Using the criteria above, I initially grouped the states into three categories. Having one factor of numbers four through nine is not enough to move a state into the “moderate” category. Some of the states, as we will note particularly tomorrow in “Debunking Some Election Fraud Allegations (Part 2),” can quickly be downgraded with a little research and reasoning. Others require far greater scrutiny to figure out what has happened. (The word “substantial” matters. I am not concerned in this series with the electioneering hi-jinks reported in every election ever from dogcatcher to the highest offices in the land. Bill Clinton’s election day antics have irritated people and are the subject of a lawsuit, but they are not likely responsible for even one delegate of Sanders’ current 275 pledged delegate deficit. As I’ve written previously, if exit polling had been reasonably accurate, the gap between Clinton and Sanders would likely be well over a hundred delegates closer.):

Strong Potential Indicators of Substantial Election Fraud for Sanders Versus Clinton (12)
South Carolina, Alabama, Georgia, Massachusetts, Tennessee, Texas, Mississippi, Illinois, Ohio, Arizona, New York, Delaware

Moderate Potential Indicators of Substantial Election Fraud for Sanders Versus Clinton (8)
Virginia, Arkansas, Michigan, Missouri, Pennsylvania, Louisiana, Wyoming, Indiana

Little to No Potential Indicators of Substantial Election Fraud for Sanders Versus Clinton (21)
Oklahoma, Wisconsin, Maryland, Vermont, Minnesota, Kansas, North Carolina, Florida, Connecticut, Iowa, Nevada, Rhode Island, New Hampshire, Colorado, Nebraska, Maine, Idaho, Utah, Alaska, Hawaii, Washington

Danger Zone for Upcoming States:
California, New Jersey

Tomorrow’s piece will begin with a look at accusations of fraud for states like Wyoming, Delaware, and Iowa. As the week wears on, we will turn attention to more acute suggestions of fraud. Throughout, I will return to what I call the Alabama Test. I will be taking very seriously the best explanations for why, what people are perceiving as indicators of fraud, may actually not show fraud. But then we will apply the Alabama Test. Could a particular explanation help tell us why the first full wave of exit polling in Alabama missed the eventual outcome by fourteen points?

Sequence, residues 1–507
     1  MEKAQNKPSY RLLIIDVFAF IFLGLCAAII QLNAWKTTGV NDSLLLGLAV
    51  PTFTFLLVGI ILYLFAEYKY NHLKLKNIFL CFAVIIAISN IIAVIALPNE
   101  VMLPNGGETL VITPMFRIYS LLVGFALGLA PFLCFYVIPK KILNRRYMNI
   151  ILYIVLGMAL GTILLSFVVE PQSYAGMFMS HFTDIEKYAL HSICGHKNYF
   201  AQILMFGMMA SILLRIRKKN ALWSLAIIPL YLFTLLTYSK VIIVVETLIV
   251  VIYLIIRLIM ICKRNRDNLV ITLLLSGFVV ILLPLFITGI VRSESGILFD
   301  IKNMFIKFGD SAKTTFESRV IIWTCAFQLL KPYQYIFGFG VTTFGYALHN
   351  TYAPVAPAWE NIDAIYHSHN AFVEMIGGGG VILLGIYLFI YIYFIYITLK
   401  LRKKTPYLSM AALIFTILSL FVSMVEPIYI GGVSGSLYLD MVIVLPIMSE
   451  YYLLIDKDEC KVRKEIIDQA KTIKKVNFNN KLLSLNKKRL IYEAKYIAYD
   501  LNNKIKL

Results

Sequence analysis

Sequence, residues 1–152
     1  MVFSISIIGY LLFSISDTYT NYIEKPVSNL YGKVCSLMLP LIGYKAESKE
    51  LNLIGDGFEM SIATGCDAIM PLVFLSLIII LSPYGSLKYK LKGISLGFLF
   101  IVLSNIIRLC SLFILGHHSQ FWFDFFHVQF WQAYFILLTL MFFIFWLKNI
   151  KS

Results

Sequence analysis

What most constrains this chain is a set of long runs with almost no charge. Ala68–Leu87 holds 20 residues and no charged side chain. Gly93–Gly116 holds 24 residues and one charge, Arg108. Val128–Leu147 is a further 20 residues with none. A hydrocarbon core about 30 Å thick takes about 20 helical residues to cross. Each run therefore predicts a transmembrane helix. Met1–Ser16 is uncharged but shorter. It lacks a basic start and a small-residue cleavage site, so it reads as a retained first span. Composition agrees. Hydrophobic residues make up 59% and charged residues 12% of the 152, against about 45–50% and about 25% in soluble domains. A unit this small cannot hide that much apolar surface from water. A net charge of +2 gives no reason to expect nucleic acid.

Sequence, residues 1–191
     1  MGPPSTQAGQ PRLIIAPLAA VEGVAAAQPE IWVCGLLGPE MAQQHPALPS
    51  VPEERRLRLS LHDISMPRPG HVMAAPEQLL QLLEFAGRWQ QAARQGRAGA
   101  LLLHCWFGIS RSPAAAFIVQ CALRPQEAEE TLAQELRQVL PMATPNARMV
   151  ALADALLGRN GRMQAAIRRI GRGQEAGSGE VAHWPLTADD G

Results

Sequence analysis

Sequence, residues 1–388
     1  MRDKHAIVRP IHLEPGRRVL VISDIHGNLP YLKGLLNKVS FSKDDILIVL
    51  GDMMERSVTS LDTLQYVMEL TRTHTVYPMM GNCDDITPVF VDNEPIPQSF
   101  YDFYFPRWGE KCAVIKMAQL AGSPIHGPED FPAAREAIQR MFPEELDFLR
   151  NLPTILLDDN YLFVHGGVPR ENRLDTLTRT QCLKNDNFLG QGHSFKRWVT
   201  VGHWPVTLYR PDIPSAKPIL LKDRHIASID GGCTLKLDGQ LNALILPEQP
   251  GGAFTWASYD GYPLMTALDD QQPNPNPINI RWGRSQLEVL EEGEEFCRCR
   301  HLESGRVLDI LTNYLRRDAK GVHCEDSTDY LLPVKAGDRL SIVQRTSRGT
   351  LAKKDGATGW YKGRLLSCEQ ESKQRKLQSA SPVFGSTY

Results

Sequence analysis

While Alabama may seem like an unusual place for a test case – Bernie Sanders didn’t even compete there – the proportional nature of Democrats delegate allocation means it matters. What’s more, various characteristics of Alabama’s election and exit polling put particular stressors on various explanations, fraudulent and non-fraudulent, for why exit polling missed there worse than any other place so far. Not all of the allegations of fraud involve exit polling, of course. Part 4, as planned, will look more in depth at the question of switched registrations, especially in Arizona and New York.

My commitment is, as ever, to follow the best evidence wherever it might lead, whether to fraudulent, non-fraudulent, or inconclusive conclusions.

Correction: A previous version of this article incorrectly stated the number of times Clinton has outperformed the first full exit poll by at least 3.5%. The correct number is sixteen rather than nineteen. I apologize for the misstatement.